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Party politics aside, Nigeria must industrialize Now

By Ugo Nwagwu

The best time for Nigeria to industrialize was 35 years ago. The second best time; NOW!

Pre Independence Malaysia was rich in natural resources such as porcelain, spices (which were then traded as currency) and large deposits of Tin. As part of the British Empire, the British took over administration of the economy and also introduced Rubber and Palm Oil trees for commercial purposes and then brought in Chinese and Indian expats to work the fields and mines instead of locals. Pre 1970s Malaysia had an economy completely dependent on natural resources exported while basically everything it consumed was imported. Sound familiar?

Today, Malaysia though still state oriented, has a newly and open industrialized market economy. This is because in the 60s and 70s, the Malaysian government took painful and costly steps to industrialize their economy. The Malaysian government committed itself to a transition from being solely reliant on mining and agriculture as an economy to a multi-sector economy. Mining and agriculture dominated the economy up until the 80s and since then, it’s been the industrial sector driving growth. It took 25 years for the turn around.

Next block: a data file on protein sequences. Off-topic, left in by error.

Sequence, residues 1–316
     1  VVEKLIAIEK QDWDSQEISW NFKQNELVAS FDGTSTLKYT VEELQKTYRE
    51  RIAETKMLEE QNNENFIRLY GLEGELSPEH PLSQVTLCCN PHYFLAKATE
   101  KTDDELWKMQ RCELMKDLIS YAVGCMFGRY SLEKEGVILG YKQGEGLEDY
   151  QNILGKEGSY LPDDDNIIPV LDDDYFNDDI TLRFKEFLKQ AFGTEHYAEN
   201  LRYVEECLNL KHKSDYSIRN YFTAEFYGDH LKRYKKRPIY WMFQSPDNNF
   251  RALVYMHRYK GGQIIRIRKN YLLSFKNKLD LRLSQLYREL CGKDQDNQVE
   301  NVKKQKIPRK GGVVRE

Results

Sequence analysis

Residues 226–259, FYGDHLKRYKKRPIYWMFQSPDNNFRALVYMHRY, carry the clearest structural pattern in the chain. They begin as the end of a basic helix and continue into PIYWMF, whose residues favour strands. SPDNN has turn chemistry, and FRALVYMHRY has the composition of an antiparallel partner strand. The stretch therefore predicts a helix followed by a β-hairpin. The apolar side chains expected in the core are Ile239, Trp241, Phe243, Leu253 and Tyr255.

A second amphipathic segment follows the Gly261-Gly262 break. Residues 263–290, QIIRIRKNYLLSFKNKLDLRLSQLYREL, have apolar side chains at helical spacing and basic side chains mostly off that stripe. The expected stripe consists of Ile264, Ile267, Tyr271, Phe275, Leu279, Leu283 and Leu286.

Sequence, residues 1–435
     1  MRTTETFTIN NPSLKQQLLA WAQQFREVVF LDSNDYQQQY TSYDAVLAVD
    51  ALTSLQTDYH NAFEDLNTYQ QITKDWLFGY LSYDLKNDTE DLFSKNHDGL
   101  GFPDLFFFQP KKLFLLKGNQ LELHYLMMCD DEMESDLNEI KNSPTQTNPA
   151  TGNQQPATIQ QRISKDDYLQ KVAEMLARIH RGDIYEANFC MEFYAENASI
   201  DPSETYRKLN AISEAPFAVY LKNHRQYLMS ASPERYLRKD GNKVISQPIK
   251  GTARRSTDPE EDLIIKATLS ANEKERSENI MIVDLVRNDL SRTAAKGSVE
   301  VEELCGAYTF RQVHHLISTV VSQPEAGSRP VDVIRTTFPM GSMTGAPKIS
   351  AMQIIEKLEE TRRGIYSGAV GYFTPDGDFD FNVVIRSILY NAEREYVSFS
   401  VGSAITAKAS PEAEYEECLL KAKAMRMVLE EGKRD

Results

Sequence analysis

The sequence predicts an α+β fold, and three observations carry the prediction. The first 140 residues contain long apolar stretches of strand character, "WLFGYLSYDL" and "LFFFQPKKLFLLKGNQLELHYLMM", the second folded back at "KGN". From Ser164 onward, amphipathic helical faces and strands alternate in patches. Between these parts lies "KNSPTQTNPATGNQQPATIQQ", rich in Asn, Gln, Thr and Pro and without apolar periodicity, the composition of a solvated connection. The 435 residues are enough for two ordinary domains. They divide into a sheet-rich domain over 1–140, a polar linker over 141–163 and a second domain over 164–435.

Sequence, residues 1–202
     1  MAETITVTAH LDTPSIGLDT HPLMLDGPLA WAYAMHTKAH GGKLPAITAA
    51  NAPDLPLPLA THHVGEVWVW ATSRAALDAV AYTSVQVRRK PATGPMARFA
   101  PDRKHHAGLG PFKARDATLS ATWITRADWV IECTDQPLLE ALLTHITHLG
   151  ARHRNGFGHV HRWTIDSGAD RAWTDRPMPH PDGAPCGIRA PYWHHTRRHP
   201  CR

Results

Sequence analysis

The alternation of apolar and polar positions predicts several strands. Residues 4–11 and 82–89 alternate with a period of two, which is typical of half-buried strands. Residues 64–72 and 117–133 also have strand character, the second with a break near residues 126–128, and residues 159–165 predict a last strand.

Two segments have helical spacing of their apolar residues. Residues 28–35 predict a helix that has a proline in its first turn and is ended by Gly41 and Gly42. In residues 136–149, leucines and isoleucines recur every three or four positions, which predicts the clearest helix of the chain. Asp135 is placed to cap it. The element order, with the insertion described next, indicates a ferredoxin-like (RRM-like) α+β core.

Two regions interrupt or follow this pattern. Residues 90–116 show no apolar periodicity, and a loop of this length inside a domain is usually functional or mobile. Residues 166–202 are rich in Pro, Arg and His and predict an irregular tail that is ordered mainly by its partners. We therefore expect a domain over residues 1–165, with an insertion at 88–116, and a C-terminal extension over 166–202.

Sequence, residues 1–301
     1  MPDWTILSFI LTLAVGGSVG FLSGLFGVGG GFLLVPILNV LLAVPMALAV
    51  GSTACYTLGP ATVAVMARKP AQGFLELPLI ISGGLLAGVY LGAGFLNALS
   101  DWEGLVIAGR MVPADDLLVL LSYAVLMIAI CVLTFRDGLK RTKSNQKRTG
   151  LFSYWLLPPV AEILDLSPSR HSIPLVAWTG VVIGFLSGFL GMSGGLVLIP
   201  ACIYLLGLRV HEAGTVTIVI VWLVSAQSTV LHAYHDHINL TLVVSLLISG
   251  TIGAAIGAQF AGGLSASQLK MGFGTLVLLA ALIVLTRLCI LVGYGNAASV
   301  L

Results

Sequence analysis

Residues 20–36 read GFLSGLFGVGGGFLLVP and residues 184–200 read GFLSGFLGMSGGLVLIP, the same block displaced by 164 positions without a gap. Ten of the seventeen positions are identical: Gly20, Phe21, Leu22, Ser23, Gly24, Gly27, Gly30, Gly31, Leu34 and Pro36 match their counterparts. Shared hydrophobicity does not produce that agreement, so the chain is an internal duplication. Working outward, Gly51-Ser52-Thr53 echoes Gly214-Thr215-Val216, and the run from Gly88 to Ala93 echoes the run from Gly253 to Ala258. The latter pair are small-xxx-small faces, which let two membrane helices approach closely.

If you read the papers and follow the news concerning all things about Nigeria’s economy, three things continue to drive the headlines: Oil prices, Nigeria’s insatiable appetite for FOREX (Dollar, Pounds, Euros and now potentially, Yuan) & diversifying to Agriculture.

One thing we still aren’t talking about is how to push past the politics of now, and blame shifting to chasing after real solutions that will benefit our children and their children. We are a nation of traders. We have always been a nation of traders and even if we exploit more of the agricultural sector, chances are that we will take the traders approach.